The Brennan Center for Justice at NYU School of Law has a regular Fair Courts E-lert with updates on ongoing issues in the court system. A recent post contained a section titled “Virginia High Court to Hear Arguments about Judicial Discipline for Political Activity” that had this update on a key case involving judicial political activity:
The Virginia Supreme Court will hear arguments on a judicial conduct complaint that resulted in the censure of two retired judges who spoke out against a ballot measure to move the county courts, writes Frank Green for the Richmond Times-Dispatch. Green writes that after advocating against moving the courts, “[a] complaint the judges were involved in political activity was made to [the Judicial Inquiry and Review Commission]” by the county Board of Supervisors.
The JIRC’s “counsel, Katherine B. Burnett, was concerned the judges’ actions damaged public trust and confidence in an independent, impartial judiciary,” continues Green. The JIRC found that the complaints were “well-founded and of sufficient gravity to constitute the basis for retirement, censure, or removal,” but the judges, supported by amicus briefs from the American Civil Liberties Union of Virginia, Rutherford Institute, and 23 former presidents of the Virginia Bar Association, argue that they were engaged in protected free speech.
The judges “are asking the justices to dismiss the complaint, arguing in court papers that terms such as ‘political’ and ‘political organization’ have been misinterpreted and misapplied by JIRC and should be limited to mean only partisan political activity involving candidates and political parties.
I thought the issue at hand was spelled out well in the opening questions asked by the Richmond Times-Dispatch article:
Should two retired judges who campaigned against relocating the Augusta County courthouse be disciplined for violating judicial rules against political activity? Or, as the American Civil Liberties Union and the Rutherford Institute contend, were they engaged in protected free speech, a right put at risk for all judges if the Virginia Supreme Court punishes them, as recommended by the Virginia Judicial Inquiry and Review Commission?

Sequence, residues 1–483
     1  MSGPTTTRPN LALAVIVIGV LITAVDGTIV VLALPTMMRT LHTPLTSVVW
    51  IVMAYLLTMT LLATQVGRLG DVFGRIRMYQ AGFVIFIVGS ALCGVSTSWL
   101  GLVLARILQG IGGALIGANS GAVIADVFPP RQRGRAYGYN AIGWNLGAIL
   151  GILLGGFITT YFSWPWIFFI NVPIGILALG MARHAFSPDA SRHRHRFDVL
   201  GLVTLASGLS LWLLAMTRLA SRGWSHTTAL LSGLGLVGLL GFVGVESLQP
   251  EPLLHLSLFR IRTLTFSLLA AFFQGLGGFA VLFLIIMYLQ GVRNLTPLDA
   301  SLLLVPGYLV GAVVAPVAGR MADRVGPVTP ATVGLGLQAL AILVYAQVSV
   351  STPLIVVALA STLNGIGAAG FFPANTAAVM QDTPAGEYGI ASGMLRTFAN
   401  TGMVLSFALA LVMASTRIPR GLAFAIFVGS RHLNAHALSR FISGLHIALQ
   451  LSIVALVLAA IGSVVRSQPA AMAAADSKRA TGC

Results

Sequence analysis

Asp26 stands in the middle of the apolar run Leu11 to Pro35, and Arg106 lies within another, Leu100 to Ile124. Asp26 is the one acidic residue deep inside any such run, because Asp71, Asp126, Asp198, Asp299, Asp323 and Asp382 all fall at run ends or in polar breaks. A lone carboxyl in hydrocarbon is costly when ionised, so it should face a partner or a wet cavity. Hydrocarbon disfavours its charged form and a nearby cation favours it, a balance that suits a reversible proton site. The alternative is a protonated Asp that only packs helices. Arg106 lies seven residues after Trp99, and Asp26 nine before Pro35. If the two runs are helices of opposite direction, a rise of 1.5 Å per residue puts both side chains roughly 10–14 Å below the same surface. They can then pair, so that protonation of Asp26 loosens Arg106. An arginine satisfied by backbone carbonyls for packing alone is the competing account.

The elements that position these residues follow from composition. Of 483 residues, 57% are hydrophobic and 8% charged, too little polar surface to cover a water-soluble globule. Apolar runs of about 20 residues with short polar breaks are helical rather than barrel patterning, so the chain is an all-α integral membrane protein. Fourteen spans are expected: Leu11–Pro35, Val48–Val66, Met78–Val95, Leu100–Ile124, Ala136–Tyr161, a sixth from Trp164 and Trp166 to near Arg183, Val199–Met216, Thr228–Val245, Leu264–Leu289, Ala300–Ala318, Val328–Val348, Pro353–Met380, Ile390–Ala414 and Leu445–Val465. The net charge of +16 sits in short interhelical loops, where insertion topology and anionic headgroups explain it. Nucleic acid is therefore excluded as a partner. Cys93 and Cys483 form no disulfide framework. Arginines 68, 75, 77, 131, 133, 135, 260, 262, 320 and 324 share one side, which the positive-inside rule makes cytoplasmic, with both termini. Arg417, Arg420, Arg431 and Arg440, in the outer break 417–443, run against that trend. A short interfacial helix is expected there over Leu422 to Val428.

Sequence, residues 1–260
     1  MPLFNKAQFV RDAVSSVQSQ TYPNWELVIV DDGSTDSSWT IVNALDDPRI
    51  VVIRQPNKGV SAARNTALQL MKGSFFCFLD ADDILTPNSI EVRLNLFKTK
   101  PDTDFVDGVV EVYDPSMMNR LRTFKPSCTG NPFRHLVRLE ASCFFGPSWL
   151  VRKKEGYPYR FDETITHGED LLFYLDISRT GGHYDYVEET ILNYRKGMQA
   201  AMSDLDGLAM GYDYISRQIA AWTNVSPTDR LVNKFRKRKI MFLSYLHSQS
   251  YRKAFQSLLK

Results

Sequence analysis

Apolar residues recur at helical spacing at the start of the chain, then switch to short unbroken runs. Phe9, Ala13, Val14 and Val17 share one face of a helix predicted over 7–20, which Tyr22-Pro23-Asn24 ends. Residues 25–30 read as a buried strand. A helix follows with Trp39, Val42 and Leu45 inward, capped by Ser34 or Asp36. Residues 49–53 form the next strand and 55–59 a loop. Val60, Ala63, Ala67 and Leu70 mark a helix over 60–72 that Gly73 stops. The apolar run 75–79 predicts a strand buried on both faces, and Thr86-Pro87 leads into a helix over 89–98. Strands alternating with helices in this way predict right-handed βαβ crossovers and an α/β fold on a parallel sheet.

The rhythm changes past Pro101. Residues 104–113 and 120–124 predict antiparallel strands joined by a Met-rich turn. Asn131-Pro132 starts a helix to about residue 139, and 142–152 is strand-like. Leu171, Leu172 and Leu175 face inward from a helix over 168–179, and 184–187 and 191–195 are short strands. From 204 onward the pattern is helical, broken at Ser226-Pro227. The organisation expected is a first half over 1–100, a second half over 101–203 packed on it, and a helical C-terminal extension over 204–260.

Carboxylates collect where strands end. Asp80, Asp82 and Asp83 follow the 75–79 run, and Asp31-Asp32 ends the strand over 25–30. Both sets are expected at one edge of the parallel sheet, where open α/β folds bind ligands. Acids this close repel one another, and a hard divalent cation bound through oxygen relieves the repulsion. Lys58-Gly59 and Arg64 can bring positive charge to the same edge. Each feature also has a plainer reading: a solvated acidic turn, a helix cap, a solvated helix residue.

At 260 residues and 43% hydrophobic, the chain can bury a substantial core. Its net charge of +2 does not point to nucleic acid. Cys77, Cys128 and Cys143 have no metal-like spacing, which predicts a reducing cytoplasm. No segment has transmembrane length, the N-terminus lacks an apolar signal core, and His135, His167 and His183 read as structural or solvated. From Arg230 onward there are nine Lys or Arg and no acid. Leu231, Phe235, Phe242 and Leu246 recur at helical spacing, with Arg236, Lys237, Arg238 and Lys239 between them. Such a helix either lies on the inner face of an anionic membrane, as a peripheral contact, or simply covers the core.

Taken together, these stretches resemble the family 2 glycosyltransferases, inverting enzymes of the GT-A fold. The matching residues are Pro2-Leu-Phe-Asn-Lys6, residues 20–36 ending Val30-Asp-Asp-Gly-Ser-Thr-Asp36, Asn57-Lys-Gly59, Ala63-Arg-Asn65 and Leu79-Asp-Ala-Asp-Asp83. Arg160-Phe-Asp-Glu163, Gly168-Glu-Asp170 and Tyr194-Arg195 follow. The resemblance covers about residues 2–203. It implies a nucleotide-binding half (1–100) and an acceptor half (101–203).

Some basic information on the Brennan Center:
The Brennan Center for Justice at NYU School of Law is a nonpartisan law and policy institute that seeks to improve our systems of democracy and justice. We work to hold our political institutions and laws accountable to the twin American ideals of democracy and equal justice for all. The Center’s work ranges from voting rights to campaign finance reform, from ending mass incarceration to preserving Constitutional protection in the fight against terrorism. Part think tank, part advocacy group, part cutting-edge communications hub, we start with rigorous research. We craft innovative policies. And we fight for them — in Congress and the states, the courts, and in the court of public opinion.
The following video on Judicial Elections and the First Amendment is from the Heritage Foundation and was published on Jan 20, 2015. It is over an hour long, so here is the YouTube summary before you dive in:
On January 20, the U.S. Supreme Court will be hearing oral arguments in Lanell Williams-Yulee v. The Florida Bar. At issue is whether a ban on solicitation of campaign donations by judicial candidates in state elections in Florida violates the First Amendment rights of the candidates. Does Florida have a compelling interest in imposing such a ban to preserve the appearance of impartiality of its judges? Is it necessary to ensure judicial independence and maintain public confidence in the judicial system? Does this ban on solicitation violate the First Amendment rights of candidates to engage in political speech and political activity?
Does the soliciting of campaign donations involve core political speech? In a post-argument briefing, two First Amendment experts who filed amicus briefs in the case, along with the former Chief Justice of the Indiana Supreme Court, will discuss these issues as well as the oral arguments conducted that morning before the Supreme Court. Moderating the panel will be a former FEC commissioner.